By Patrick Omorodion
Then comes the Sports Minister, Alhaji Bolaji Abdullahi … Let history record and properly too that the arrival of the youthful minister signaled the end of bitter rancour in the Nation’s football house…
This was taken from Paul Bassey’s column in the Vanguard of Monday, November 18, 2013 titled: Take a bow Nigerians, Pop Champagnes…, Klink Glasses. Bassey was celebrating the revival of Nigeria’s football through the Golden Eaglets World Cup win, the Super Eagles World Cup qualification and their earlier Nations Cup victory in South Africa early this year.
He attributed this to the trouble shooting efforts of the sports minister which gave the Nigeria Football Federation the relative peace to run football the way it should be. He praised the NFF Board led by Aminu Maigari. Earlier after the Eaglets’ win, some close stakeholders had even called for a second term and national award for Maigari.
While we are still savouring the victories of our national teams, we should not gloss over some unresolved issues around our football which makes me disagree with Paul Bassey that the bitter rancour in our football has truly ended.
Unknown to many, while the NFF Board members were beating their chest in celebration, Justice Okon Abang was issuing a fresh order that they appear before him to justify why they are still parading themselves as football administrators.
This, according to the president of the National Association of Nigerian Footballers, NANF, Harrison Jalla, they must do on December 9, 2013. That day may signal the end of the Maigari Board and his quest for a second term because “we have delivered” which is now his swan song.
According to Jalla, the NFF or NFA which is the only known body to Nigerian laws, has no Board because the earlier ruling that election should not hold was flouted by Maigari and co. and Justice Abang insists it must be obeyed.
He argued that the former Inspector General of Police, Hafiz Ringim dilly dallied on the issue but the present IG, Mohammed Abubakar has been cooperating even though he is slow about it. The pressure to obey the court ruling is believed to be coming from the presidency which has asked the Chief of Staff to the president, Chief Mike Oghiadomhe to ensure the laws of the country are obeyed. Except something extra ordinary happens between now and December 9, the Maigari Board may cease to exist and football could be run by a caretaker comm-ittee.
Apart from this legal tango Maigari has found himself, there is the other issue of breach of trust with Total Promotion, the outfit that agreed to hands off the Title sponsorship of the Premier League but still has the broadcast right which the NFF and the League Management Company, are still trying hard to snatch from it. From records, it is clear that Maigari has many faces in the matters of the legal tussle with NANF and the Title/Broadcast right palaver with Total Promotion.
In one breadth, Maigari says he is president of the NFF, in another he prefers to be called Chairman of the NFA, when it comes to collecting money from the Federal Government which says the NFF is not recognised by law and so can’t be funded.
He had even gone to swear to an affidavit that he is not Chairman of the NFA when NANF took the body to court over the election which the court stopped the body from conducting. Surprisingly too, Maigari in an agreement with the LMC to run the league, failed to sign as NFF president or as NFA chairman but as a ‘football admini-strator’ who holds a certain percentage of the shares of the LMC, making some stakeholders to ask in whose interest are the shares being held?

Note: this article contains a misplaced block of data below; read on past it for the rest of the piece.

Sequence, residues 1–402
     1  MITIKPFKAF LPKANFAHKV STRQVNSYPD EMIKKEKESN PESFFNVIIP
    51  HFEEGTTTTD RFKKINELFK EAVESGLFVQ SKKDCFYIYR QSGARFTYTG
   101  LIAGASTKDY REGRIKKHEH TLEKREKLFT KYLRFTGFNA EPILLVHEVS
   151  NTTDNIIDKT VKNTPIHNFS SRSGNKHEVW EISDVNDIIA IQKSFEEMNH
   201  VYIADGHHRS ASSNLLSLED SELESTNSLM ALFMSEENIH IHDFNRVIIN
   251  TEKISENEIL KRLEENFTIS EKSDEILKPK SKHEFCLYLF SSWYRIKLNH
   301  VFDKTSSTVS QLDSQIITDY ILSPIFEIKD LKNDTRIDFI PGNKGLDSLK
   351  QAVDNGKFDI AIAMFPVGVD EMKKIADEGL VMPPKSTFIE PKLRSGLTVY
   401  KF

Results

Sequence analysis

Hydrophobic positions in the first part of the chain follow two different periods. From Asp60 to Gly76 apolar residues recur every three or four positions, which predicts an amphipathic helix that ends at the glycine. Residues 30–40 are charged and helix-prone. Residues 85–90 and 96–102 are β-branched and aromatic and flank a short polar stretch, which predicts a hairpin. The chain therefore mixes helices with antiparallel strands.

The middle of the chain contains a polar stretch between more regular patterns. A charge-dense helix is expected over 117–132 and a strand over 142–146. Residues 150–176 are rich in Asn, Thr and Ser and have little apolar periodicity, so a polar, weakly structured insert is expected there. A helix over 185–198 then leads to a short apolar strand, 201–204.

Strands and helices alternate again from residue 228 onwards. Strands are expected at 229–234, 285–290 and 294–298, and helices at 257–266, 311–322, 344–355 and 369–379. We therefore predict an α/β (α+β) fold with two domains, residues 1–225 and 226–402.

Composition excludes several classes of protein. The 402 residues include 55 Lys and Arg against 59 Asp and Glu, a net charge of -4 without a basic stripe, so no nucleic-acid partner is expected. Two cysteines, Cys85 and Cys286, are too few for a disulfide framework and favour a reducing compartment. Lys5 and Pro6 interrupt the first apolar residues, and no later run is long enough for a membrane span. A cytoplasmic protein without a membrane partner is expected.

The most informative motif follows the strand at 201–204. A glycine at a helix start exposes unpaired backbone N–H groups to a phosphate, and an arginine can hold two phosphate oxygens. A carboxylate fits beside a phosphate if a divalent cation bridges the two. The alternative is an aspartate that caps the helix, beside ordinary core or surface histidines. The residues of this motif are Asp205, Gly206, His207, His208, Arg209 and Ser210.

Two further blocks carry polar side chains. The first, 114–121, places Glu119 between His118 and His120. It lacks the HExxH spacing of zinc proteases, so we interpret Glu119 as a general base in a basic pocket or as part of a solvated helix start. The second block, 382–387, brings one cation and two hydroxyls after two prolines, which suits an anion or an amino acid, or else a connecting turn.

The LMC has come out to say that the new league season will kick off after the African Nations Championships in January but if these issues are not ironed out, including the grievances earlier expressed by club owners or club chairmen immediately after the 2012/2013 season ended, a fresh crisis may hit our local football. The stance of the NFF and the sports minister who castigated the club chairmen over their request that the LMC should fold up and prepare ground for an election of a new executive to run the league is not the panacea for the imminent crisis the league may run into again.
By also pretending that the bitter rancour in the Nation’s football house, which Paul Bassey wrote about, is over is tantamount to sweeping the matter under the carpet. It amounts to beating the child and asking him or her not to cry out.
The earlier these issues are tackled headlong and justice is allowed to reign, the peace we think we have could just be the peace of a grave yard.
Anybody still doubting Keshi
If the Sani Lulu-led board of the NFF had foresight, Stephen Keshi and not Shaibu Amodu would have been contracted after the exit of Berti Vogts in 2008. Even when Amodu was shown the way out after another Golden Bronze perfor-mance at the 2010 Nations Cup in Angola, the same Lulu-Board didn’t consider Keshi but went for Siasia because according them, Nigerians yearned for Siasia. Siasia crashed with the Eagles who couldn’t qualify for the Nations Cup in Equatorial Guinea/Gabon and so Keshi was finally considered by the Maigari group who later turned against their own employee who dared to ask for his right.
In the process, one of them, who claims to have run a club successively, queried Keshi’s pedigree in coaching, claiming the victory in South Africa was made possible by the NFF Board. Keshi has gone beyond all that to qualify Nigeria for the CHAN in South Africa, the first time ever and capped it with the World Cup qualification. Are they, including some Nigerian fans who love to hate the Illah-born coach, still doubting Keshi’s pedigree? He did it with little Togo, he has done it again with Nigeria. His next target, I believe, is to surpass Cameroon, Senegal and Ghana’s World Cup quarter-final performances. Who says it is not possible?